Face recognition takes place within a distinct heritable module of the brain and includes the ability to distinguish between male and female human faces. To identify gender, this module targets a number of sexually dimorphic features, particularly the hue and luminosity of facial skin. Men look browner and ruddier in hue because melanin and blood are more present in their skin’s outer tissues. Women have a higher luminous contrast between their facial skin and their lips and eyes. Hue seems to provide a “fast channel” for gender recognition. If the observer is too far away or the lighting too dim, the brain switches to the “slow channel” and targets luminosity. In addition to assisting gender recognition, the skin’s hue and luminosity may also alter the observer’s mental state in a number of areas, ranging from sexual attraction to emotional distancing.


Frost, P. (2011). Hue and luminosity of human skin: a visual cue for gender recognition and other mental tasks, Human Ethology Bulletin,

Friday, June 3, 2011

On the impossibility of blue eyes

Although blue eyes are more recessive than brown eyes, eye color does not follow a simple recessive/dominant mode of inheritance. There is a wide range of intermediate hues.

As discussed in my last post, one puzzle of human evolution is the diverse palette of European hair and eye colors. Although these two polymorphisms have largely developed at separate genes, they share a similar geographic range and similar conspicuous hues. They also appear on or near the face—the focus of human visual attention. Could a common selection pressure be responsible? And could it be sexual selection?

This topic came up a month ago on Steve Sailer’s blog, specifically the evolution of blue eyes. Greg Cochran pointed out that sexual selection could not be responsible because blue eyes are recessive:

First, an advantageous allele whose action is purely recessive is far more likely to be lost when new than a dominant allele with an equivalent advantage. Second, assuming that it is not lost and that the population mates randomly, it takes much longer to reach 50% frequency than a dominant allele. Third, if the population is spread out over space, the Fisher wave spreads far more slowly, something like 20 times more slowly.

Mutations are fairly common, but a potentially adaptive one—like an allele for blue eyes—is usually rare. In this case, the same rare allele must occur twice and come together in the same person before sexual selection can do its work. And this work would be lost in the next generation.

All of this assumes, of course, that blue eyes are recessive. Although eye color is polygenic, alleles at two STPs (rs12913832 and rs1129038) seem to account for most cases of blue eyes (Eiberg et al., 2008). In a Polish sample, 89% of the blue-eyed individuals had both copies of the ‘C’ allele at rs12913832 and no copies of the alternate ‘T’ allele (Branicki et al., 2009).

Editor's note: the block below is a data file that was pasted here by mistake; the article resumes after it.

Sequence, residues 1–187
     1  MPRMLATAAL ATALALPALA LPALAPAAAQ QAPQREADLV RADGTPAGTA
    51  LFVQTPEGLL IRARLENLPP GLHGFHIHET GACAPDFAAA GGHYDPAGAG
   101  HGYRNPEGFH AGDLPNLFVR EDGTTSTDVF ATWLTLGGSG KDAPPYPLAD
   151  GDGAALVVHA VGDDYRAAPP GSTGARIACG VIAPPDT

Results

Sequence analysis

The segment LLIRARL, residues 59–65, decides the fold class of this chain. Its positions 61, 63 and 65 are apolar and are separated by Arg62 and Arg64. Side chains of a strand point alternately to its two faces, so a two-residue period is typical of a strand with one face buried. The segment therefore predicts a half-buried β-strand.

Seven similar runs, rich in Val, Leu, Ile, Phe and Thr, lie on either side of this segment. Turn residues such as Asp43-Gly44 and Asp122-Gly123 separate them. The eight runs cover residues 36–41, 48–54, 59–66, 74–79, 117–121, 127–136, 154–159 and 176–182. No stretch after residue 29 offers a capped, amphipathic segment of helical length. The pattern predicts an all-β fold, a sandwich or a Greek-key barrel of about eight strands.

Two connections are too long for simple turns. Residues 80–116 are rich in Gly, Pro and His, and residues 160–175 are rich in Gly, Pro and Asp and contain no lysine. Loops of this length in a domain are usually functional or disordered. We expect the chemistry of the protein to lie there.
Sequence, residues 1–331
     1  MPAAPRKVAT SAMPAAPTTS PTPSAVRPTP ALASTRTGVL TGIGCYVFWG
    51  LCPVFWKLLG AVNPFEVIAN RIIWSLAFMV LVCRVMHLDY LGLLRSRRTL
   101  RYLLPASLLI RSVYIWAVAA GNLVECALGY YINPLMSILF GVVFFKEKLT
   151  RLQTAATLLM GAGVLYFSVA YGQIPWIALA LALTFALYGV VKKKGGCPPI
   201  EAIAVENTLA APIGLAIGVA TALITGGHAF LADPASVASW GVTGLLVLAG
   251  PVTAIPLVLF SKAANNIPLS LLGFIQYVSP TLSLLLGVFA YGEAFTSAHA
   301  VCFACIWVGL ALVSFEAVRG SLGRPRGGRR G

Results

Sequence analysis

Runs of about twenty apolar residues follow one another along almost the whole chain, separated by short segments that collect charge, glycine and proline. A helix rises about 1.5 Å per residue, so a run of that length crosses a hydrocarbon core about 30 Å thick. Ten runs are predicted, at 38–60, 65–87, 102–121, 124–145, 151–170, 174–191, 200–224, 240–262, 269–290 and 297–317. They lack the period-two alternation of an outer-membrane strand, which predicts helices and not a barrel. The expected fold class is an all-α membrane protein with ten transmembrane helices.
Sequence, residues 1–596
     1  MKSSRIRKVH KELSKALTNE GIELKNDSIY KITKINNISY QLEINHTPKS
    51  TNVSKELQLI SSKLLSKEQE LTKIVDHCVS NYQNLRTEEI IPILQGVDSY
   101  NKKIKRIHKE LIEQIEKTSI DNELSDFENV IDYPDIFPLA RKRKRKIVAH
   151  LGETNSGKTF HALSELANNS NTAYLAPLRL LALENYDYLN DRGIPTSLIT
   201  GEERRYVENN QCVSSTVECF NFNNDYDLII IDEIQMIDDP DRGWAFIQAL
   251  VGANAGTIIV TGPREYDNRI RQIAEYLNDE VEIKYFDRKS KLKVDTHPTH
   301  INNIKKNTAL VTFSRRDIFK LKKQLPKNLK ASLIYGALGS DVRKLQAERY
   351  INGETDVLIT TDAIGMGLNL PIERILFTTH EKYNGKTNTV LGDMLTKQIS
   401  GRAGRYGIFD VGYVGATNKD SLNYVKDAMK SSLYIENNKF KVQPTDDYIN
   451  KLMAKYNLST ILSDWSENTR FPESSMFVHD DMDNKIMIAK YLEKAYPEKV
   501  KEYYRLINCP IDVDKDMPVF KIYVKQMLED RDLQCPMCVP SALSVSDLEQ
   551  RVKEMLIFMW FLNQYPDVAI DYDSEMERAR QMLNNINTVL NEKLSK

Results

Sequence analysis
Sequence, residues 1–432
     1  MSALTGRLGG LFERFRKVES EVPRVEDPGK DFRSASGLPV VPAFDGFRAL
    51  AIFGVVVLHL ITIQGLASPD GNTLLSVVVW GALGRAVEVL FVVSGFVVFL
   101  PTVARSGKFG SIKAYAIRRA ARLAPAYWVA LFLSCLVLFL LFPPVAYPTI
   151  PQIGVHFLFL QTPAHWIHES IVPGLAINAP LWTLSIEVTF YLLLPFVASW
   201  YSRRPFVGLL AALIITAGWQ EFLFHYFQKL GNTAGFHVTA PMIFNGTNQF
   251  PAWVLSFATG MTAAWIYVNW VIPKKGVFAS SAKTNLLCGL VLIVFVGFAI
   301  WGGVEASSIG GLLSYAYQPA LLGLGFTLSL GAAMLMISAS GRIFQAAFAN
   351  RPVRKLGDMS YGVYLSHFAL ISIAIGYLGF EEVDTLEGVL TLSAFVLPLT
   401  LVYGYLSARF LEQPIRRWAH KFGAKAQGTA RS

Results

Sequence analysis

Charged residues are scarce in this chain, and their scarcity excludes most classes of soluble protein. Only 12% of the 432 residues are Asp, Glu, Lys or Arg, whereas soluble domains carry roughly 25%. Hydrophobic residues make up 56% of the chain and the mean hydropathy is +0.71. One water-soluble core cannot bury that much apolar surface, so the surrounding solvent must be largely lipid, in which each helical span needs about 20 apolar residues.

But the C allele is far from silent if only one copy is present, as seen in the same Polish sample. Among CT heterozygotes, 16% had blue or grey eyes, 10% green eyes, 47% hazel eyes, and only 27% brown eyes.

Although the C allele is relatively recessive for expression of blue eyes, it shows strong heterozygote effects for expression of green or hazel eyes:

Blue or grey-eyed individuals: 89% had both copies, 10% one copy, 9% no copies
Green-eyed individuals: 67% had both copies, 30% one copy, 2% no copies
Hazel-eyed individuals: 9% had both copies, 80% one copy, 11% no copies
Brown-eyed individuals: 0% had both copies, 84% one copy, 16% no copies

In short, the C allele is less dominant, but not truly recessive. Even in the heterozygous state, it usually produces hues that visibly diverge from the human norm of brown eyes.

Greg also forgets that evolution can reach an initially inaccessible state by passing through intermediate states. When the C allele first appeared, it produced only green or hazel eyes for sexual selection to act upon. As copies of this allele increased in the population, there was a corresponding increase in the probability of homozygotes that could produce blue eyes—which became a new target for sexual selection.

The selection here is not for a single color, be it blue, green, hazel, or brown, but rather for any colors that can catch attention by their novelty or brightness. The end result is more and more eye colors—a balanced polymorphism where sexual selection is always on the lookout for new and interesting hues. Needless to say, this outcome is possible only when the operational sex ratio is very lopsided, thus favoring the evolution of ‘eye candy’ among members of the sex in excess supply.


Branicki, W., U. Brudnik, and A. Wojas-Pelc. (2009). Interactions between HERC2, OCA2 and MC1R may influence human pigmentation phenotype, Annals of Human Genetics, 73,160–170.

Eiberg, H., J. Troelsen, M. Nielsen, A. Mikkelsen, J. Mengel-From, K.W. Kjaer, & L. Hansen. (2008). Blue eye color in humans may be caused by a perfectly associated founder mutation in a regulatory element located within the HERC2 gene inhibiting OCA2 expression, Human Genetics, 123, 177–187

Sailer, S. (2011). Old Blue Eyes, May 10